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Our Lives Have Changed: Pandemic pressure on rural food pantries put diabetic man in the hospital

Max Johnston
Interlochen Public Radio

Millions of people are relying on food pantries during the pandemic. In rural spots Up North, that means long lines at cash-strapped facilities.

And that can be especially hard for people with diabetes.

As part of IPR's new series Our Lives Have Changed, meet a man whose life has been upended by the demand on food pantries.

Tom Mang comes to Logan's Landing a lot.

On a cloudy cold day in December, the 58-year-old is sitting on a park bench along Boardman Lake.

Tom is a burly guy wearing a bright yellow hunter’s cap with a silver goatee, and red cheeks beneath his glasses.

“I come down here, I’ll just sit here on one of these nice benches. I fell asleep here once," Tom said, adding he didn't know how long he was out.

"But there was a whole different group of people around me when I woke up,” he says laughing.

Tom is sitting with his walking stick, staring at some ducks and a swan gathered near the shore. 


Credit Max Johnston / Interlochen Public Radio
Interlochen Public Radio
Tom visits with some ducks, geese and a swan gathered near the shore.

“This place means peace to me, I come down here a lot and I just sit here and visit with the ducks and the swans and the geese,” Mang says.

Tom’s been coming here for years, but a lot more often during the pandemic. He says this place helps him get away from it all.

Tom's health

For the past decade, Tom has had lots of health problems. He’s diabetic and at one point he weighed over 300 pounds. Tom says he knew if he didn’t change something he would die.

So a few years ago, his walks along the Boardman turned into 5-10 mile trips to get his heart pumping.

On doctor’s orders he cut out processed foods with lots of salt, carbs or sugar. It worked: he lost around 60 pounds in less than 10 months.

A very strict diet

Careful management of your diabetes is essential if you're diabetic, so Tom says he's very particular about what he eats.

“They taught me to just shop the outside edge of the grocery store, the fresh vegetables, the real meat not processed, things like that,” he says.

Tom even avoids carrots and potatoes because he says they have too many carbs.

Fresh food costs more, but Tom doesn’t work. He’s on disability after problems with his eyes sapped some of his vision. Eye problems are a common side-effect of diabetes.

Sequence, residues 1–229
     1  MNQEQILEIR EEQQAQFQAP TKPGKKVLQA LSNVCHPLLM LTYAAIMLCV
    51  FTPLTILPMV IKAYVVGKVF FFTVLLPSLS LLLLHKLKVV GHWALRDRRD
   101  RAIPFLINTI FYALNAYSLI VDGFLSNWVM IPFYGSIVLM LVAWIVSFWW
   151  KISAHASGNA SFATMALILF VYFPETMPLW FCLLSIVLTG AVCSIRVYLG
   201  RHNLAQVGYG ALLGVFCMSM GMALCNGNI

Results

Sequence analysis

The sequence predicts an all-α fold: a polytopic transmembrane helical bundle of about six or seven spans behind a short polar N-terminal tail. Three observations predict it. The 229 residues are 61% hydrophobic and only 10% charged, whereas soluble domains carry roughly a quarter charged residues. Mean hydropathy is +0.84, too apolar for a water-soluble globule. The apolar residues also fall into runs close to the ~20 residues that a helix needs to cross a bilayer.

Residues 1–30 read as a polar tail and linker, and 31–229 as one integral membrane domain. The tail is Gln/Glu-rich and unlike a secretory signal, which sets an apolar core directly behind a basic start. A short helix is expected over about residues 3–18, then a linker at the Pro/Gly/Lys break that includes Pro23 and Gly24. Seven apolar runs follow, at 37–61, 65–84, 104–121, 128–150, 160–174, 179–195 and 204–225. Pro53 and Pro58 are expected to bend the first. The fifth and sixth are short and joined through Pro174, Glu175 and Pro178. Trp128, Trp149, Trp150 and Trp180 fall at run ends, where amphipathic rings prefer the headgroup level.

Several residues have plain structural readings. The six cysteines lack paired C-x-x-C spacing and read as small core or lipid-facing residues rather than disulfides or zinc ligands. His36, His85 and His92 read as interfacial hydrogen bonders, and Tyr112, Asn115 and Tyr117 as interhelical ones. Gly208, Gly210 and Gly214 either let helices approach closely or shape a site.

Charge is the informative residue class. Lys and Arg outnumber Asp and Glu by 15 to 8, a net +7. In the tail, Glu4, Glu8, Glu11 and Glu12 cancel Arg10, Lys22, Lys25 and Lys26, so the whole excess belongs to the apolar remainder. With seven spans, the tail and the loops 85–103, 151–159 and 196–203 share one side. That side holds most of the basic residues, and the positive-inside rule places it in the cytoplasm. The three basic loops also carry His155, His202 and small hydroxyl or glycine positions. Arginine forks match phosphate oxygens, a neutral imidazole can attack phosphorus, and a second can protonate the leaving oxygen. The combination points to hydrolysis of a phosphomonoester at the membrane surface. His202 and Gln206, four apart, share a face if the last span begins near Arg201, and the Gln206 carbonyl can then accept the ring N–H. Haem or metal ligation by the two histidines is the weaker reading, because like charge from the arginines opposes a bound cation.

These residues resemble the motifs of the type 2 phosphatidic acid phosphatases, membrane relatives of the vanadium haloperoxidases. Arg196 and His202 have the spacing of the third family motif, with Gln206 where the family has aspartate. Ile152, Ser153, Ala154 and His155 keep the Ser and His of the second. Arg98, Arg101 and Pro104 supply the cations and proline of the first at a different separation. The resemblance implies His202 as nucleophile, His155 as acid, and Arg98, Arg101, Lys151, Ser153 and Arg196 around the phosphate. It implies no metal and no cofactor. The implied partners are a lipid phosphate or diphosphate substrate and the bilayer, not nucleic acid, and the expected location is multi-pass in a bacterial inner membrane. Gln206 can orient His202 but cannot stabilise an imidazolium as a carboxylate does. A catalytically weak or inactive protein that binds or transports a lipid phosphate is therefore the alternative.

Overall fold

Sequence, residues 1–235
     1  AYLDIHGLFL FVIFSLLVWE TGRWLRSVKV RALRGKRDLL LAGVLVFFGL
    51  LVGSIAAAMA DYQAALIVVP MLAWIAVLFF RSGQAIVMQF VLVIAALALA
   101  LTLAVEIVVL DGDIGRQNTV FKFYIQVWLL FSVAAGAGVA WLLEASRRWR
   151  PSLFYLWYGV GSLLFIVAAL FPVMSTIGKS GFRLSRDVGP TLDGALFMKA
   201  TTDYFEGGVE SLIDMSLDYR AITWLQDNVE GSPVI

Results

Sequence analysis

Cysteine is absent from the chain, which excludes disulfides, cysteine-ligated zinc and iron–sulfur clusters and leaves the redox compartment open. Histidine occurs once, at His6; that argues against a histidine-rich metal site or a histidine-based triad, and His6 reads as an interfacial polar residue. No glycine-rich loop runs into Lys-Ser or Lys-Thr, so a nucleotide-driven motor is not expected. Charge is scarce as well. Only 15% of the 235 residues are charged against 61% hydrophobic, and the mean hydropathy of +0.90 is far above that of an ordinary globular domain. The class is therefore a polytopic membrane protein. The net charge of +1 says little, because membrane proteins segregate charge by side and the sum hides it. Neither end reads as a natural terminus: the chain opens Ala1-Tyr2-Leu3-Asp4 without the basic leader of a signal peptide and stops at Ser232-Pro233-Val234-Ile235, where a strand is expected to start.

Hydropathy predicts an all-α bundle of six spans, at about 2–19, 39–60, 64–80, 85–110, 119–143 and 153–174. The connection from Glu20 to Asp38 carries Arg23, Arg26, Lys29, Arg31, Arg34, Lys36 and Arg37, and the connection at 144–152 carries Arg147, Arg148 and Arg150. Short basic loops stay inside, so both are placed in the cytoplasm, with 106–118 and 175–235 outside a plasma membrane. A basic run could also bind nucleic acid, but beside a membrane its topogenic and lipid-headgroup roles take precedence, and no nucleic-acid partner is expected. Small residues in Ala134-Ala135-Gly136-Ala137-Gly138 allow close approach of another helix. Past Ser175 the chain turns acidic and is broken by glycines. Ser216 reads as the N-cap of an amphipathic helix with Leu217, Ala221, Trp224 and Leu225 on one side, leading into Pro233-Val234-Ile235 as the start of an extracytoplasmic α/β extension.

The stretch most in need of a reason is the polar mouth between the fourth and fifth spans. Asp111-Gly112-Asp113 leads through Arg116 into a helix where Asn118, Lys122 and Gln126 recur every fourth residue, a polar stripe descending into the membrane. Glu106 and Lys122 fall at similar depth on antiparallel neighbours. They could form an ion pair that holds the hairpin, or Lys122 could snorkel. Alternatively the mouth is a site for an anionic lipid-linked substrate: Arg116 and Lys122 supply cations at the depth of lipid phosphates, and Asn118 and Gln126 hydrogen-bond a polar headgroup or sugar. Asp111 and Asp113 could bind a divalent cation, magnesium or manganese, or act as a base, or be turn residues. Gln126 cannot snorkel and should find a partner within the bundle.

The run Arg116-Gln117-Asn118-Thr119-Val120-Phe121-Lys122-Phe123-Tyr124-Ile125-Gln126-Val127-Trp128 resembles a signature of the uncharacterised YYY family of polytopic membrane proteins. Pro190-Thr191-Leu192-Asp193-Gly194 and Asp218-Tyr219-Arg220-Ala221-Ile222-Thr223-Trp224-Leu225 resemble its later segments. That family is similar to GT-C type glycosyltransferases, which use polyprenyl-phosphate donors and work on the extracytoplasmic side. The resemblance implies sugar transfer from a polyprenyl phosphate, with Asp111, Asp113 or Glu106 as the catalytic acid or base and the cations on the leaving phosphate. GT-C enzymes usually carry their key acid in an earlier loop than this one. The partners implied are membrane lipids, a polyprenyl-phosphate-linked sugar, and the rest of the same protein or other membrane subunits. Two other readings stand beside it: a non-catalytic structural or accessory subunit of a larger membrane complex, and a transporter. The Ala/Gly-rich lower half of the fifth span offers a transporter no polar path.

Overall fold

On his fixed-income Tom would go to food pantries to get what he couldn’t afford at the grocery store.

But ― as a precaution ― most have stopped letting people come inside to browse.

This is happening in pantries across the country, especially in rural areas. They usually have less space, less money for fresh food and older volunteers than metropolitan counterparts.

Tom is able to get some pre-packaged food from the pantries. But he says most of it is things he can’t eat like canned soup or macaroni & cheese.

"The last time I went I got a bag with maybe 100 things in it, and out of it I could use two," Tom says. "So I give the rest to my neighbors. You don’t want it to go to waste."

"I can't be mad about it because I can't change it." -Tom Mang

Elaine Taule with the Father Fred Foundation knows Tom and says they accommodate diabetics, but there’s only so much they can do during the pandemic.

Taule says Father Fred has 40 volunteers right now when they normally have over 200. And demand at food pantries is way up, so some items aren’t always available.

“We’re trying to do our very very best, we have pivoted and changed, and I think we’re doing a really good job."

"Is it perfect? No,” Taule says.

"I just can't."

Even small hiccups can have serious consequences for Tom. He is now spending more and more of his limited income on food at the grocery store.

Now Tom says he has to buy cheap food that may end up shortening his life. His health has already worsened. Tom was back in the hospital with heart problems a few weeks ago.

“My heart rate was running 140, 150 beats a minute. But my doctor was very sharp and he caught it, and he probably saved me from having a stroke,” Tom says.

Tom expects more hospital trips in the coming months if this food situation keeps up. He’s worried that means more medical bills.

"I can't pay it. I just can't. I have to pay my rent, I have to feed myself."

Tom doesn’t have any solutions. Now he sounds exhausted.

“But I can’t be mad about it because I can’t change it. I’ve tried every route that I can travel, I’ve been on the phone, I’ve searched this and that," he says.

"I don’t know if it makes sense, but I’ve kind of turned a lot of the emotions off."

Credit Max Johnston / Interlochen Public Radio
Interlochen Public Radio
The view from Tom's favorite spot at Logan's Landing.

'Peaceful Exposures Photography'

Tom’s saving grace during the pandemic has been his walks along the Boardman. He runs a nature photography blog called Peaceful Exposures Photography.

“I look for the unique things that people don’t normally see. The way the sunlight shines on something and makes it stand out. Something the average person that walked by may have never seen,” Tom says.

Tom’s vision will likely never be 100 percent. He says he can see well enough to legally drive, but it could get worse.

Still, on many days you’ll find him looking out at the Boardman watching the ducks, swans and the geese.

He might be sitting on that park bench in Logan’s Landing. You’ll know him by his camera and walking stick.

“I could go blind tomorrow so I’ve learned to enjoy what I see today."

Stay tuned for more stories in IPR's new series on the coronavirus pandemic 'Our Lives Have Changed.'